If any director knows his way around a musical, it's Minnelli and Cabin in the Sky kicked off a career that would spawn such classics as Meet Me in St. Louis (which he would make the following year), An American in Paris, The Band Wagon, and Gigi. To think this was his first musical, not to mention his first film, boggles the mind, but all the trademark Minnelli elements are on display. Cabin in the Sky is polished, elegant, energetic, lyrical, and - despite its relatively low budget - very lovely to look at.
Minnelli deserves a lot of credit, but Cabin in the Sky would be nothing without its sublime cast. Whether their roles are big or small, all the actors contribute stellar work. Waters, of course, leads the list, filing a sincere, often luminous portrayal that rivets attention. Her inimitable, velvety voice and radiant aura make all her songs memorable, and she even shows off some fancy footwork, partnering with the legendary John W. Bubbles (who years earlier gave a young Fred Astaire dancing lessons) in a high-kicking routine. Known for her temperament off-screen (she reportedly resented the expansion of Horne's role and regarded the young, beautiful, and extremely talented singer as a threat), she's the spitting image of serenity here and carries the film with grace and ease.
Waters and the imposing, irresistible Ingram reprise their stage roles, but the original Little Joe, Dooley Wilson (the piano-playing Sam in Casablanca), was passed over in favor of the more famous Anderson, whose raspy voice, expressive face, and high-energy performance enliven the part. Gone with the Wind fans will spot Butterfly McQueen (Prissy) and Oscar Polk (Pork) in minor roles, such recognizable character actors as Willie Best, Mantan Moreland, and Ruby Dandridge (mother of Dorothy Dandridge) supply some flair, and Bill Bailey (brother of Pearl Bailey) performs an electrifying dance solo.
And then there are the three musical titans - Horne, Armstrong, and Ellington. Horne rarely got the chance to play dramatic parts (her MGM film appearances were limited to guest shots that could be easily deleted when Southern theater owners demanded it) and she makes the most of Georgia Brown, bringing a playful allure and plenty of spice to a flashy role. Though her rendition of "Ain't It the Truth" in a bubble bath was cut (the footage was later included in an MGM short that's part of this disc's special features; see review below), she delivers pizzazz and glamor galore with "Honey in the Honeycomb."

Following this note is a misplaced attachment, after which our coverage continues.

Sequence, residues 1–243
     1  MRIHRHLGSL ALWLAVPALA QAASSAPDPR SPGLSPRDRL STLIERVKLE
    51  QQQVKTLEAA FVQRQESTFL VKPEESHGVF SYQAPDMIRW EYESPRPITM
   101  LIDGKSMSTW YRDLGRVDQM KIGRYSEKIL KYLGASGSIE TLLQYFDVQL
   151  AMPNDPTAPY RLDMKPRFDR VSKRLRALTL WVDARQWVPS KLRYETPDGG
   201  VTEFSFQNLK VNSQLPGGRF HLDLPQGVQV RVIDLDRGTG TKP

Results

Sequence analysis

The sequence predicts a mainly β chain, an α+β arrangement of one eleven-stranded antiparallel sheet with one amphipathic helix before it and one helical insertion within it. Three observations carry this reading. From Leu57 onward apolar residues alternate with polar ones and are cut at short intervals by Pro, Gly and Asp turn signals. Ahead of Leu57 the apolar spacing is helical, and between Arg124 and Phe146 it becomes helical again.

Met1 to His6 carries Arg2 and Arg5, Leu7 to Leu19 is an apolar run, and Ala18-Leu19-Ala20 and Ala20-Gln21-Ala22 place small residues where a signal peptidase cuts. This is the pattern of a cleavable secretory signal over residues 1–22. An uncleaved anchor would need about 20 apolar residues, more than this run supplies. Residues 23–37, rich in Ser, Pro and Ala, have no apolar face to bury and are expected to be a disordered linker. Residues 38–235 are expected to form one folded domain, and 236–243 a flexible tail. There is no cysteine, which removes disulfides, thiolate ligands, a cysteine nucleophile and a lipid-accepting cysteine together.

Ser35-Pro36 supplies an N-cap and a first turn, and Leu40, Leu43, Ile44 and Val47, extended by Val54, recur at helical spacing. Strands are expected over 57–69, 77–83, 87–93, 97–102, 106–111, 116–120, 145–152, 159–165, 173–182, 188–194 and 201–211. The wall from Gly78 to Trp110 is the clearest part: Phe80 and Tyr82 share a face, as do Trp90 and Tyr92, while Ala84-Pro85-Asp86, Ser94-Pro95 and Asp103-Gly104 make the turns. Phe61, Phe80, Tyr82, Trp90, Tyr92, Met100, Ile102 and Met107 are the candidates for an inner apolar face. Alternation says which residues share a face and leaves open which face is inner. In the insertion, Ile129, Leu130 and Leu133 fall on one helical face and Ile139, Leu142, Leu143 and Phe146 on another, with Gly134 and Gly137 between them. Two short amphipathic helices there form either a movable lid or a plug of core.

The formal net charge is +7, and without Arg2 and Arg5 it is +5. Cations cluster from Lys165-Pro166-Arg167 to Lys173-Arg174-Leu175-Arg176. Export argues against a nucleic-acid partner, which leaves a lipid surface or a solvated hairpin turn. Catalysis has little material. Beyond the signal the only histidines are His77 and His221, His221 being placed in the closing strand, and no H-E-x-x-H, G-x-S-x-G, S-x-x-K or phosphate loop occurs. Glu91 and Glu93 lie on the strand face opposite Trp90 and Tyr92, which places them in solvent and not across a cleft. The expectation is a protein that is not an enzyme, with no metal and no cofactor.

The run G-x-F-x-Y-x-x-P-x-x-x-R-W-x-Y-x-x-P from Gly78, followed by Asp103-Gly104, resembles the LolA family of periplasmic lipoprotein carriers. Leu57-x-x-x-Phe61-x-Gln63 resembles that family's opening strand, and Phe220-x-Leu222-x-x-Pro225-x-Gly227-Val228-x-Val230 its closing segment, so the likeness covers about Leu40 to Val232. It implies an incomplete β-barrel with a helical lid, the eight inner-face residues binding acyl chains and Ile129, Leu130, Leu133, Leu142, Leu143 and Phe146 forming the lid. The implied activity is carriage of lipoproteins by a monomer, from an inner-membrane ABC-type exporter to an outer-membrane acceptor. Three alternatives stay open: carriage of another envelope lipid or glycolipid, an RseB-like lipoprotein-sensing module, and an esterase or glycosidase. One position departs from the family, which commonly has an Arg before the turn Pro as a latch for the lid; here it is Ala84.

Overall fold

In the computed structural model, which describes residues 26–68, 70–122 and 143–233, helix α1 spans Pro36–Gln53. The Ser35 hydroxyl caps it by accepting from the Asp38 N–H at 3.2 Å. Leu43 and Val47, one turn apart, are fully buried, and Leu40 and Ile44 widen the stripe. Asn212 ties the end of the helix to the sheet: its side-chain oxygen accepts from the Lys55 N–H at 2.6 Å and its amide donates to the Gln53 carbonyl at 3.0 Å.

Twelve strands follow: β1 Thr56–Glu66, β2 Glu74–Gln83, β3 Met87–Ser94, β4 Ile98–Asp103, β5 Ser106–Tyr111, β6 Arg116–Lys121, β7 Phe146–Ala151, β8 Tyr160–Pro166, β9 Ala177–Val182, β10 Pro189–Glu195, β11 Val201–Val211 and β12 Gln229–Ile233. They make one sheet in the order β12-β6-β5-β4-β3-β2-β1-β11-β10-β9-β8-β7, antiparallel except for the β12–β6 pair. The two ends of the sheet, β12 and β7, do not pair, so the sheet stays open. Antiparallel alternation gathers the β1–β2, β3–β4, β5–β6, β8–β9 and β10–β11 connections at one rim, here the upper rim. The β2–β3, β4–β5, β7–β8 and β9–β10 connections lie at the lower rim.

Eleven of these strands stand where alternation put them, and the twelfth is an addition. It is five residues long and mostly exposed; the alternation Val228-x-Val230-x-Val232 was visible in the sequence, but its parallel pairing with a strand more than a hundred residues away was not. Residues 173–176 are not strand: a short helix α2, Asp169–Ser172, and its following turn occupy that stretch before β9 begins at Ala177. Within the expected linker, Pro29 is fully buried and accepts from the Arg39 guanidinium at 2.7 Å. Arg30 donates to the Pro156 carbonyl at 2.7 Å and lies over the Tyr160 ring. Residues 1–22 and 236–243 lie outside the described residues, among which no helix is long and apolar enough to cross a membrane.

Armstrong, who totes his trusty trumpet but only plays it for a scant 30 seconds, also recorded "Ain't It the Truth" and his version was cut as well (the audio still exists and also is included in the disc extras). As a result, Armstrong doesn't get to show off his considerable musical chops, but his high-wattage personality and electric, grin nevertheless juice up the film. Ellington and his swinging orchestra only made a handful of screen appearances - Cabin in the Sky would prove to be their final feature film gig - and they blow the roof off a nightclub figuratively right before the tornado does it literally.
Cabin in the Sky deserves a more lofty place in the annals of movie musical history. It's an enormously entertaining feel-good film that's packed with fine performances, great songs, and more heart than many of its genre cousins. The racial stereotyping can't be overlooked, dismissed, or forgiven, but it shouldn't overshadow all the wonderful, artistic components that comprise this magical musical. Cabin in the Sky is a little slice of heaven that every fan of Golden Age musicals should cozy up to. Ain't that the truth.
Vital Disc Stats: The Blu-ray
Cabin in the Sky arrives on Blu-ray packaged in a standard case. Video codec is 1080p/AVC MPEG-4 and audio is DTS-HD Master Audio 2.0 mono. Once the disc is inserted into the player, the static menu without music immediately pops up; no previews or promos precede it.